I don't know about you guys but do you ever have a novel that you're completely into, devour quickly, and then look back and wonder what you actually thought about it? Like maybe your brain was in a different place while you were reading and now, on the other side, you're not quite sure what you think. These are my feelings on The Marriage Plot.
The book follows the lives of three Brown college graduates: Madeleine, Mitchell and Leonard. Madeleine is an English Major, in love with her troubled boyfriend Leonard and the ideal woman for her freshman year friend Mitchell. The book explores the lives of the three while they navigate a first year out of college.
Let me just say that the first bit, set on the day of graduation is spot on. Told mostly from Maddy's point of view, it is amazing how perfectly Eugenides captures being an English major. I mean, I know he was one (at Brown, no less) but reading something that is just so perfectly reflective of your own life experience is always a treat. Name dropping Derrida and Eco, making fun of people who think they know so much about author intent and mentioning the blasphemous but ultimately true motivation of all English majors (that we just want to read stories) really just hit home. I ate it up.
His characters, as well, are wonderfully fleshed out. Maddy, although our heroine, does have her weak spots. She is a bit too privileged and a bit too quick to pass judgement. Mitchell (my favorite character) is a religious studies major who isn't religious so much as just curious and undergoes a transformation in both spiritual and mental areas. Leonard, Maddy's biologist boyfriend, spends most of the novel being described more than observed but when his chapter comes, he becomes a larger than life character as well. All three main characters, as well as various side characters like Maddy's family, were as real as if they graduated in my class.
That's why the thing that really stood out to me did so. All of this supposedly happened in only one year. While I know that it's possible for all the things that occur in the novel to occur in that course, it just seemed highly unlikely. Having been out of college going on three years, myself, I can say that, although I may be more Mitchell than anyone else, I found it hard to believe that characters could grow, change and just live that much life right out of college. Maybe it was different in the eighties. Maybe I just never knew anyone as dramatic as those three. But I still found it a tad bit hard to swallow. Not while I was reading it, of course; while reading, you just nod and accept and move along. It's after you put the book down and you realize how quickly time passed that you really start to question. It's like when you realize that Romeo and Juliet took place in the course of about three days. Too much in too little time.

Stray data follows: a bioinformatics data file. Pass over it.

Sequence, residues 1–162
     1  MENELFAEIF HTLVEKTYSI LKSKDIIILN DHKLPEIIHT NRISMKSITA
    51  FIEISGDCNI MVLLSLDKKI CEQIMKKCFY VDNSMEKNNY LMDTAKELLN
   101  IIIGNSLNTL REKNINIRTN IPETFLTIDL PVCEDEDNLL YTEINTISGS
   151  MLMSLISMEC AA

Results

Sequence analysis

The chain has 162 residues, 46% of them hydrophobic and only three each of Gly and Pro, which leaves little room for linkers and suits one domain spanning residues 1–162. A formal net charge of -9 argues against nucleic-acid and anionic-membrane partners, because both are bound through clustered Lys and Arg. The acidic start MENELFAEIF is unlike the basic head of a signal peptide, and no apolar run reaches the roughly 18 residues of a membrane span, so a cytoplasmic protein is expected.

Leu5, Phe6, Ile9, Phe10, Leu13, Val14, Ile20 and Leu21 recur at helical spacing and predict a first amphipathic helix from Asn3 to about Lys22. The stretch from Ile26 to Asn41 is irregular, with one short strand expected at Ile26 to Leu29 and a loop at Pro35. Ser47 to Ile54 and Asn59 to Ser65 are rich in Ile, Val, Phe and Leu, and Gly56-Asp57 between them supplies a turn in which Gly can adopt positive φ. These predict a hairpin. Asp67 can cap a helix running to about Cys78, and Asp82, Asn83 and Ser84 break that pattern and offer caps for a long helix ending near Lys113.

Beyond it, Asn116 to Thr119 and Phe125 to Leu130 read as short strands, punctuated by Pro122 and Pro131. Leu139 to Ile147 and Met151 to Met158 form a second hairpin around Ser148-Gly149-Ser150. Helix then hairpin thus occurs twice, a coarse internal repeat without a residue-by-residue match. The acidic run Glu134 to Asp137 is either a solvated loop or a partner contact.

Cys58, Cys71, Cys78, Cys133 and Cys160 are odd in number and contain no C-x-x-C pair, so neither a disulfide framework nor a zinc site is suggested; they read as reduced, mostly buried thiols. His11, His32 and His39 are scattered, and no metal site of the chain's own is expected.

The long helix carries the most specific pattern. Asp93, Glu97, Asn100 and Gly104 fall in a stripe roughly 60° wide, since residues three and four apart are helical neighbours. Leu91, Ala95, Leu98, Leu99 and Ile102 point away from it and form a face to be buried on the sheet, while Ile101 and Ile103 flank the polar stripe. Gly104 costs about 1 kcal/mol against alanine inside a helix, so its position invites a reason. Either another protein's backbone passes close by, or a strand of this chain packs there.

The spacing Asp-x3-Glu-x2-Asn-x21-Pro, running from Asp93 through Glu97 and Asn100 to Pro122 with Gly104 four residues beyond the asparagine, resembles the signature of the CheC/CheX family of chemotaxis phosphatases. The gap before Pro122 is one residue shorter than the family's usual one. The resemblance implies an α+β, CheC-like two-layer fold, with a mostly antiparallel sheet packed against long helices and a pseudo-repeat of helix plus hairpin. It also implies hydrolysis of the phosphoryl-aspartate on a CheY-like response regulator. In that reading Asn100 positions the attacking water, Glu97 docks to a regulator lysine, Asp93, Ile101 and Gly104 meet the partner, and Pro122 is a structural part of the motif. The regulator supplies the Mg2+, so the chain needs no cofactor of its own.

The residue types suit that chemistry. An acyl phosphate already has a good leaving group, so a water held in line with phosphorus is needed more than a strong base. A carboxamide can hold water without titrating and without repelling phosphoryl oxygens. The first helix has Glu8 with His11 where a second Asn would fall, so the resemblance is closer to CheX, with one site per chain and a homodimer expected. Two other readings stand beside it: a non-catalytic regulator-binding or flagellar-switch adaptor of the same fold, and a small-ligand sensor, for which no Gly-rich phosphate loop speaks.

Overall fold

The other thing that bugged me (and this is just a little thing and just me, I'm sure) were the references that Leonard had to Portland. Now, I'm from Portland, as is Maddy's boyfriend, Leonard. However, in his chapter where he referred to his childhood and growing up in Portland, he made quite a few references that, while technically real places and people, were not the way someone from Portland would actually refer to them. No one calls the Blazers the Portland Trailblazers. No one includes 'at Waterfront Park' when they're talking about the Steel Bridge. Little things, I know, but something that brought me out of the book. Oh well. I can't blame Eugenides for not growing up in my hometown.
All in all, I quite enjoyed the book. I wish there was a bit more focus on Maddy's work and her growing interest in Victorian fiction. And I wish it spanned a bit more time. But the writing was exquisite and the characters relatable and real. Recommended, especially for all you old English majors.